Medical groups tell Congress more radiation rules are needed

2009 03 25 14 14 33 939 Capitol Hill 70

On Friday, February 26, the U.S. Congress held hearings to learn more about radiation dose exposure from radiology and radiation oncology procedures. In part 2 of our coverage, we describe the testimony provided by healthcare associations invited to the hearings.

Medical groups representing radiology and radiation oncology tackled head-on the issue of rising exposure to medical radiation in congressional hearings on February 26. Six professional healthcare associations representing radiologists, radiation oncologists, technologists, medical physicists, and equipment manufacturers were invited to present testimony to the U.S. House of Representatives subcommittee on health on February 26.

Subcommittee chairman Rep. Frank Pallone Jr. (D-NJ), colleagues, and staff seemed pleasantly surprised that all organizations recommended changes that would add strength and uniformity to best-practice radiology and radiation oncology guidelines.

American College of Radiology (ACR)

The ACR of Reston, VA, recommended expanding existing federally mandated medical imaging accreditation requirements to encompass all clinical settings including radiation therapy modalities. The ACR also advised creating a national CT dose index registry, as well as passing legislation requiring minimum standards for radiology and radiation therapy technologists.

ACR board of chancellors member and former ACR chair Dr. E. Stephen Amis Jr. told the subcommittee that the associations representing radiology and radiation therapy would offer the best way to oversee and manage accreditation and other recommended initiatives because they have the hands-on professional expertise required. He reminded subcommittee members that beginning in 1987, the ACR initiated the first-ever voluntary accreditation programs. One of these, for mammography, led to the passage of the Mammography Quality Standards Act (MQSA) in 1992, and the ACR is the only national organization approved by the U.S. Food and Drug Administration (FDA) to oversee it.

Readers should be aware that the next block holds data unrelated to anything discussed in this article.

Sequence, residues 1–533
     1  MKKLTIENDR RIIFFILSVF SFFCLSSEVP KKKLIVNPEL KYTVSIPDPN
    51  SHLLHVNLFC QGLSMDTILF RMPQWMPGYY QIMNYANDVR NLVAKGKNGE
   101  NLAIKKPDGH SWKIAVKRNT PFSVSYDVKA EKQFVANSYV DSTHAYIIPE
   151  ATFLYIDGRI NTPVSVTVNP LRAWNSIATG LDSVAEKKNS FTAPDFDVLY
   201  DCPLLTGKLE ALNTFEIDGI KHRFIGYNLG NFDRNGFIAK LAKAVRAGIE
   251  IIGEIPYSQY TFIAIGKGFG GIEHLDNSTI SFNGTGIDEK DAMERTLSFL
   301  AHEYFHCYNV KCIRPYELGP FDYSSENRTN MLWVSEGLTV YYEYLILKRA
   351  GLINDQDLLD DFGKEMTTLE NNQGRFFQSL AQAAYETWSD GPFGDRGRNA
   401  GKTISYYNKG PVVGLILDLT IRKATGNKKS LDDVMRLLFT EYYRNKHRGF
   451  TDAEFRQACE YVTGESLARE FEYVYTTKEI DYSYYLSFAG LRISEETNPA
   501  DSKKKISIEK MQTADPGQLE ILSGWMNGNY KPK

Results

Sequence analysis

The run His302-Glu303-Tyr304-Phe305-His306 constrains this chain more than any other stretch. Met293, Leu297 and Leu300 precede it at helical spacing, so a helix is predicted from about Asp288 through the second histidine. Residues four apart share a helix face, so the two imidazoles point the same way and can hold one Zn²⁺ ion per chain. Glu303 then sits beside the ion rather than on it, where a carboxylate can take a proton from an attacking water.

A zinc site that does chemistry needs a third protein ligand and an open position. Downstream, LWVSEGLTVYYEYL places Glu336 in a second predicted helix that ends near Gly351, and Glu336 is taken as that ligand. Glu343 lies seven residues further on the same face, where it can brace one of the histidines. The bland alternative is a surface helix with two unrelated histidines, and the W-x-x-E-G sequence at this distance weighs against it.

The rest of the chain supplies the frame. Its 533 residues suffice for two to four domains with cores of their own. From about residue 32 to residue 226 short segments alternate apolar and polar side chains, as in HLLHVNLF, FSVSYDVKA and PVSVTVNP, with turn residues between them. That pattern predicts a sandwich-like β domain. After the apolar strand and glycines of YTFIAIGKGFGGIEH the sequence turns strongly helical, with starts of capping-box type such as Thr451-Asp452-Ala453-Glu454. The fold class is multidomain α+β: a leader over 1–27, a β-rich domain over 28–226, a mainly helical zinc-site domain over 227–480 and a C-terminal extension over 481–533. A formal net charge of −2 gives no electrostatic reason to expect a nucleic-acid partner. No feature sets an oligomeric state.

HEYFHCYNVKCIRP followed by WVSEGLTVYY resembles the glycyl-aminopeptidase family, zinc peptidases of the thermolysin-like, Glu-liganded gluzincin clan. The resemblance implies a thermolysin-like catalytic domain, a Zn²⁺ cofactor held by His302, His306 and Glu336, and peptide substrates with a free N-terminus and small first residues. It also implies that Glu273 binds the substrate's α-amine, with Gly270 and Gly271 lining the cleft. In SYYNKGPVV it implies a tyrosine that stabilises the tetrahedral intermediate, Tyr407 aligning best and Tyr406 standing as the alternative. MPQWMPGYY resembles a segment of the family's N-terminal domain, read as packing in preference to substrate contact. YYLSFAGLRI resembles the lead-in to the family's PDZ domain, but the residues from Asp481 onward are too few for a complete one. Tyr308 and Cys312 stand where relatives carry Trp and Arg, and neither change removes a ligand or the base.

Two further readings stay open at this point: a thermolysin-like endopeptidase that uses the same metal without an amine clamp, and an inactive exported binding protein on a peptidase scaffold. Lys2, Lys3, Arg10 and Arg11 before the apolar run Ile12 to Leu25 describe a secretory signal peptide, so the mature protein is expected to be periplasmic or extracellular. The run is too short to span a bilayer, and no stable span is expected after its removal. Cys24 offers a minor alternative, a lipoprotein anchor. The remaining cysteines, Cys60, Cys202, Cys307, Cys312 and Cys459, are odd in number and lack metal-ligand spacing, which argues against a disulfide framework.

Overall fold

While the ACR has been working with modality manufacturers to develop a CT dose index registry, Amis said that a congressional mandate requiring one would aid the process. He noted that not only would a national mandatory registry measure ongoing performance for accreditation of facilities performing CT exams, it might more rapidly help identify problems with equipment or inappropriate use.

American Society for Radiation Oncology (ASTRO)

Dr. Tim R. Williams, chairman of the board of directors of ASTRO of Fairfax, VA, advised the subcommittee of the association's ongoing patient safety and quality assurance projects, and the society's development of a six-point action plan to improve quality and reduce errors.

The plan includes creating a national database for reporting linear accelerator errors, enhancing the currently voluntary radiation oncology practice accreditation program, and expanding training programs. Williams also called for accelerating ASTRO's Integrating the Healthcare Enterprise - Radiation Oncology (IHE-RO) initiative to facilitate the seamless transfer of radiotherapy treatment information to electronic medical records and related databases, as well as the immediate passage of legislation to enforce patient safety regulation.

In late 2008, ASTRO and the ACR initiated a program offering radiation oncology practice accreditation. However, as pointed out by Amis, fewer than 10% of U.S. radiation therapy practices have taken advantage of it. ASTRO recommends that all radiation oncology practices undergo accreditation.

Williams told Congress that from ASTRO's perspective, it needs to provide increased funding for the National Cancer Institute (NCI) and for one of its branches, the Radiological Physics Center (RPC) at the M. D. Anderson Cancer Center at the University of Texas in Houston.

Pointing out that federal funding for the center, which obtains two-thirds of its operating budget from the NCI, has decreased steadily over the past 10 years, Williams said that ASTRO "believes that RPC's auditing and monitoring tools have led to improved dosimetry, and identified the fact that approximately 30% of the hospitals applying to participate in radiation oncology clinical trials failed to accurately irradiate head and neck phantoms."

ASTRO has incorporated information and tools from the RPC to develop enhanced quality assurance programs to educate its membership of more than 10,000 medical professionals affiliated with radiation oncology. Williams strongly recommended that a budget increase for RPC would be a prudent investment for Congress to make with respect to its overall objective to increase patient safety.

ASTRO also recommended board certification of medical physicists, as well as mandatory and standardized licensing requirements for them throughout the U.S.